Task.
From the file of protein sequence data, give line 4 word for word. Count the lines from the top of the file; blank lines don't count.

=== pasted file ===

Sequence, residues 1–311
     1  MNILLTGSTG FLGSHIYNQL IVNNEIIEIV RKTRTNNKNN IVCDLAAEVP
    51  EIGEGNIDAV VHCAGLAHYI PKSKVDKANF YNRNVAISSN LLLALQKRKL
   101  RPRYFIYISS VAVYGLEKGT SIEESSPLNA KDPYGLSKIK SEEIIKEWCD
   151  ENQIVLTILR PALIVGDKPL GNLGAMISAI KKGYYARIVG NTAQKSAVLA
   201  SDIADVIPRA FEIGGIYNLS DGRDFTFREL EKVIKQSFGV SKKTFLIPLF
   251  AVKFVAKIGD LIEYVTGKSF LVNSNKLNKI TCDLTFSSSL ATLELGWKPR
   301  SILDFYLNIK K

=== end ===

   101  RPRYFIYISS VAVYGLEKGT SIEESSPLNA KDPYGLSKIK SEEIIKEWCD